Here at Chicago Food Planet we believe that food is the universal language that unites people. Through breaking bread together we can break down walls and boundaries that can unfortunately separate individuals, races, ethnicities and cultures. We believe these things because we experience this everyday. Each tour we operate brings a new mixture of guests together from different countries, religions, and entirely unique backgrounds. Yet, in many cases at the end of our experiences these individuals have found common ground to bond on. Whether this be their new found love of the authentic falafel from Sultan’s Market, to their shared humor of the history of the original Playboy mansion, to learning that they share the love of soccer/football; these connections are all made through the simple act of breaking bread together. We wanted to dive a bit deeper into this belief and did a bit of research. Read below to see what we learned from several studies about the power of eating together.
We all do it. Work through lunch to push through a deadline or try and get out of the officer earlier. However, eating alone at work while checking your email might feel productive, but there are many more benefits to eating with one’s colleagues, says workplace psychologist Jennifer Newman in an interview with CBC’s Early Edition.
Sharing meals together builds relationships. Workers miss out on opportunities to get to know each other better if they eat alone. Eating together can also encourage cooperation. A lot of informal communication can happen over meals, so colleagues may miss out on information they need to do their jobs. Even so-called ‘small talk’ can boost performance.
The personal and friendly tone set when colleagues eat together can support more intense conversations later in the day. By eating alone, workers miss out on the benefits of camaraderie, increased cooperation and performance. They also tend to be less satisfied at work.
Eating together is a way to be productive too. Companies can encourage employees to rendez-vous for a meal. The benefits are increased satisfaction, performance, cooperation and engagement.
Kevin Kniffin, a professor and applied behavioral scientist at Cornell University, recently conducted a study that researched how firehouses who eat together are more productive than the one’s that don’t eat together. Kniffin says, “From an evolutionary anthropology perspective, eating together has a long, primal tradition as a kind of social glue. That seems to continue in today’s workplaces.” The study suggests that the act of eating meals together is associated with increased cooperation and collaboration, bringing to the business better work-group performance. Even the skills needed for simple meal planning—cooperation, communication and collaboration—show up then through performance on the job. Companies that encourage this behavior in their culture will see more productivity out of their employees over the long run, especially organizations which have work environments that are highly team-based.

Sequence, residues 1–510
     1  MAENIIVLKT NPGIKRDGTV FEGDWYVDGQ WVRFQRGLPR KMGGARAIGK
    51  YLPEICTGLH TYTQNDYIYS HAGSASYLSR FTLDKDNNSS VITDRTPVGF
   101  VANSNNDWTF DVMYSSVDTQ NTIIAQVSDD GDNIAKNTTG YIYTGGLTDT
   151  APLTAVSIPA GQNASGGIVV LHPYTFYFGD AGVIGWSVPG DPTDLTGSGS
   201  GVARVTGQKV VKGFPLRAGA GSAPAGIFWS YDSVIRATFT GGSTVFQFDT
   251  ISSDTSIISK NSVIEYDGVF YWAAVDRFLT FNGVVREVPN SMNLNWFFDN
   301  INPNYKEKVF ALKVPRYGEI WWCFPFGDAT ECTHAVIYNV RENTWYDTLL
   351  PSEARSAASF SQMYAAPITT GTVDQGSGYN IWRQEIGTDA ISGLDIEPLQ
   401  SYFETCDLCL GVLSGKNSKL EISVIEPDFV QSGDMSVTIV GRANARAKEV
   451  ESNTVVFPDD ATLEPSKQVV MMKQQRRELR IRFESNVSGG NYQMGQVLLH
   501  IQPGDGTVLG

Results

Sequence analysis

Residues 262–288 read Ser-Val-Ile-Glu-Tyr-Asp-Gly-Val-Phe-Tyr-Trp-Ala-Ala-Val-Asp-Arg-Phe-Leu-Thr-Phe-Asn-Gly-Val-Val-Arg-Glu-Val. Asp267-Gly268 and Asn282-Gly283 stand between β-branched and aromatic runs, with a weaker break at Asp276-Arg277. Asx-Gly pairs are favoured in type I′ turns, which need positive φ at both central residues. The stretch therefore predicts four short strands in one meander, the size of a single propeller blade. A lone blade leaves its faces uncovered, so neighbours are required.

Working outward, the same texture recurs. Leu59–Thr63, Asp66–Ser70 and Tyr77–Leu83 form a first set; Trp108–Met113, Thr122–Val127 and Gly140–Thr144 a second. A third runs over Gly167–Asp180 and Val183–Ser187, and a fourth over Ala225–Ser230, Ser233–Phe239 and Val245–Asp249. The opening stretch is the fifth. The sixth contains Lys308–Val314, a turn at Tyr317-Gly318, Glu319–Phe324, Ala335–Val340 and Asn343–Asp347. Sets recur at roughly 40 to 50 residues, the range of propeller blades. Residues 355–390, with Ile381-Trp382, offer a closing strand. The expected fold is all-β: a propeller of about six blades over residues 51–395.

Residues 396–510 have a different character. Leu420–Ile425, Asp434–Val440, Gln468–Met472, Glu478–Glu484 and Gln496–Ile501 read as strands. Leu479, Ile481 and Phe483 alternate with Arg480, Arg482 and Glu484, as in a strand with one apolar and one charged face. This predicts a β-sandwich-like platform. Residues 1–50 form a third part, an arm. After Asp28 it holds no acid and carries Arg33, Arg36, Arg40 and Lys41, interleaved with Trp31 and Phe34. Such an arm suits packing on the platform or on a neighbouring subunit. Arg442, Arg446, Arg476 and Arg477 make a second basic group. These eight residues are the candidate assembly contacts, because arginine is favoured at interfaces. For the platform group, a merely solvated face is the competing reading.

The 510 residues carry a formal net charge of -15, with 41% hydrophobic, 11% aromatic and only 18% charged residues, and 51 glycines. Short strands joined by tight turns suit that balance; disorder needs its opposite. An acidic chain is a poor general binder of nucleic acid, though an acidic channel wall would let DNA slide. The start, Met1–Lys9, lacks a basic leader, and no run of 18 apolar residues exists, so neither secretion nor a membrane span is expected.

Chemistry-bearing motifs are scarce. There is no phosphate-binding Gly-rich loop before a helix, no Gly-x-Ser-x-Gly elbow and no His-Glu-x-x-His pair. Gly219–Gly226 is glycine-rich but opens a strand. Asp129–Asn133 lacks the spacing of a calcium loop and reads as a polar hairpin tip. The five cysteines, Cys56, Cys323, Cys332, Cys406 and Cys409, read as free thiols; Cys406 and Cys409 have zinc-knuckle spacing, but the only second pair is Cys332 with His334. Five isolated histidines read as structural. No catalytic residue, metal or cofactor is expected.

Children who do not eat dinner with their parents at least twice a week also were 40 percent more likely to be overweight compared to those who do, as outlined in a research presentation given at the European Congress on Obesity in Bulgaria this May. On the contrary, children who do eat dinner with their parents five or more days a week have less trouble with drugs and alcohol, eat healthier, show better academic performance, and report being closer with their parents than children who eat dinner with their parents less often, according to a study conducted by the National Center on Addiction and Substance Abuse at Columbia University.
Sad Fact: Americans rarely eat together anymore. In fact, the average American eats one in every five meals in her car, one in four Americans eats at least one fast food meal every single day, and the majority of American families report eating a single meal together less than five days a week as quoted by The Atlantic.
In her book Eating Together, Alice Julier argues that dining together can radically shift people’s perspectives: It reduces people’s perceptions of inequality, and diners tend to view those of different races, genders, and socioeconomic backgrounds as more equal than they would in other social scenarios.
“To eat is a necessity, but to eat intelligently is an art.” François de La Rochefoucauld
So there you have it. Eating together is truly a powerful event that increases the well-being of those involved. We challenge you to make a more conscious effort to do so in your personal and professional life. Break bread with someone, you’ll be a better person because of it – we promise! Don’t want to do it alone, we can be your guide 🙂 www.chicagofoodplanet.com/tours